Abu Dhabi, a jewel in the desert

I was only in Abu Dhabi for a few days but in the short time that I spent there I had my mind completely and utterly blown on a number of occasions.

So much so that when I got back  a a number of people accused me of being ‘Tommy Tourist’ given that my Instagram feed was jam-packed with images from my experience.

Getting there meant I had to deviate from my preferred choice of airline but Etihad, the national carrier for the UAE, was just as good.

The whole point of the trip – courtesy of the Abu Dhabi Tourism & Culture Authority – was based around the thriving golf industry in the area and just so happened to coincide with the Abu Dhabi Golf Championship.

When we realised that the Westin was going to be our base, and the fact that we could look out over the driving range where the European Tour’s finest warmed up every day, there were smiles all round.

Day One

There was no time to shake off the effects of a long-haul flight as we headed out to the Yas Links to tick off the first of two rounds of golf off the itinerary. While the round didn’t go to plan as far as my personal game was concerned the experience was an enjoyable one.

Also, before I get chirped for not revealing the results of the shootout against Wade Pretorius, I did in fact lose to the man representing Compleat Golfer. The contest was decided on the par three 17th given that we both bombed the monster 18th.

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The victor after 18 holes at Yas Links

In fact, the closing stretch at Yas Links is arguably the toughest I’ve ever experienced but adds to the experience. As far as the overall 18 is concerned the front nine seemed to offer a lot more opportunities to score while the back nine provided a stern test.

 

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Finally, a green in regulation

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After the golf it was back to The Westin to freshen up for dinner at Sacci which ended being a fantastic Italian restaurant on the hotel’s property.

Day Two

The morning involved following the likes of world number one Jordan Spieth, Rory McIlroy and the tournament’s eventual winner Rickie Fowler around the Abu Dhabi Golf Club.

After getting involved in Friday Brunch, a hallowed tradition among the expat population it was time for a golf lesson from Tour pro Russell Knox. You can read more about that experience here

A drive out to the desert was on the cards in the late afternoon and it’s only once you reach the vast expanse of nothing do you realise how impressive it is that Abu Dhabi emerged, quite literally, out of the dunes.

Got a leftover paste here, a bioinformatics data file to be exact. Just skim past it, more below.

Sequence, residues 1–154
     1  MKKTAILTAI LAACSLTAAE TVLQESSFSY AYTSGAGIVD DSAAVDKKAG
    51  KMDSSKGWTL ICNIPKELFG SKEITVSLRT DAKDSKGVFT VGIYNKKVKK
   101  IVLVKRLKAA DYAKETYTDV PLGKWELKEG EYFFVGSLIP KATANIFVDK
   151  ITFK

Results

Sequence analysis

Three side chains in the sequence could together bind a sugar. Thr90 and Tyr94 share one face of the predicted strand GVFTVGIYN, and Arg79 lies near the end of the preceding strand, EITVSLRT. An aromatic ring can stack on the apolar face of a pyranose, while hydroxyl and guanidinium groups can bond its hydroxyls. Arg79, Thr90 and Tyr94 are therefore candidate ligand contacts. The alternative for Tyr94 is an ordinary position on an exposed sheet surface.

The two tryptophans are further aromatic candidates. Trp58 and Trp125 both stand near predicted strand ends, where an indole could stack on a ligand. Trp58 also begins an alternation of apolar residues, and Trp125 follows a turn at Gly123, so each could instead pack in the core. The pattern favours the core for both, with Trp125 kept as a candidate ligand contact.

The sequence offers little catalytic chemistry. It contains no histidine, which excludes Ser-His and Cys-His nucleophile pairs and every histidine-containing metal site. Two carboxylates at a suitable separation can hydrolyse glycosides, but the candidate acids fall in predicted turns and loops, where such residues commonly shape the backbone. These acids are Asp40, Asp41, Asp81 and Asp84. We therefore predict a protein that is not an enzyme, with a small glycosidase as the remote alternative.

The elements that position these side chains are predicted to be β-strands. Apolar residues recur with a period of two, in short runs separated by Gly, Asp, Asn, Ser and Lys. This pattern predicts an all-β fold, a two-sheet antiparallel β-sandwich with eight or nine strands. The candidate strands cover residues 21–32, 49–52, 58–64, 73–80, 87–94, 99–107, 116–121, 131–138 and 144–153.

If you’ve got a weak stomach then riding over the dunes wouldn’t be your cup of tea. But it did end up being a lot of fun as we descended upon the camp that had been set up for us.

A falcon, henna tattoos, belly-dancing, sandboarding, camel rides and shisha pipes provided the full desert experience.

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Day Three

The third and penultimate day of the trip ended up providing the adrenalin junkies in our group with the tonic. A ride on the world’s fastest roller-coaster was the highlight and an experience you can’t really explain. Let’s just say that the first three seconds of the ride, when you’ve accelerated over 200km/h are the worst. From then on out it’s OK.

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A visit to Yas Hotel – which is situated on the race track that hosts the Abu Dhabi Grand Prix – followed for another epic dining experience before a visit next door to Yas WaterWorld.

Let’s just say that the Valley of Waves pales in comparison.

A sunset cruise, which included a sneak peek of Sheik Mansour’s mammoth $285-million dollar super-yacht, capped off the third day.

Day Four

An early start to get to Saadiyat Beach Golf Club but the Gary Player design lived up to the hype and provided a personal highlight of the trip.  As you’d expect when playing golf in the desert, you need to be great out of the sand and this course had plenty of it.

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Simply spectacular – Saadiyat Beach

But the general consensus among our group was this this was a gem.

After lunch it was time to head back to the action at the tournament to watch the closing stages before dinner at the Emirates Palace. To say that the place was gawdy is an understatement, a stay here costs $40 000 per night.

Dinner was a feast of Middle Eastern cuisine and the plates just kept coming. As did the camel milk custard which I gave a bash but I had to decline when offered a sip of camel’s milk.

 

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